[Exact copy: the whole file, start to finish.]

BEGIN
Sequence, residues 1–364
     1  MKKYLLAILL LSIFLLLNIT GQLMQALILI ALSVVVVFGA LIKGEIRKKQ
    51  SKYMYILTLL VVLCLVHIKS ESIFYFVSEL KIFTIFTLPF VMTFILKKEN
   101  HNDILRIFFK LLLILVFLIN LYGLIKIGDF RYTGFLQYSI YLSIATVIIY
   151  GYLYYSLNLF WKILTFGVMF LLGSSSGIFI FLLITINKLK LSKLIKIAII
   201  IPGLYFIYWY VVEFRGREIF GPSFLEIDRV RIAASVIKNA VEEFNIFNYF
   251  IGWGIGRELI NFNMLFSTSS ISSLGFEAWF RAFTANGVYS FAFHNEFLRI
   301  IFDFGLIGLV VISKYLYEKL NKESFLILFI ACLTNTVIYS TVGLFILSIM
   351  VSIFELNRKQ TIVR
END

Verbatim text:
Sequence, residues 1–364
     1  MKKYLLAILL LSIFLLLNIT GQLMQALILI ALSVVVVFGA LIKGEIRKKQ
    51  SKYMYILTLL VVLCLVHIKS ESIFYFVSEL KIFTIFTLPF VMTFILKKEN
   101  HNDILRIFFK LLLILVFLIN LYGLIKIGDF RYTGFLQYSI YLSIATVIIY
   151  GYLYYSLNLF WKILTFGVMF LLGSSSGIFI FLLITINKLK LSKLIKIAII
   201  IPGLYFIYWY VVEFRGREIF GPSFLEIDRV RIAASVIKNA VEEFNIFNYF
   251  IGWGIGRELI NFNMLFSTSS ISSLGFEAWF RAFTANGVYS FAFHNEFLRI
   301  IFDFGLIGLV VISKYLYEKL NKESFLILFI ACLTNTVIYS TVGLFILSIM
   351  VSIFELNRKQ TIVR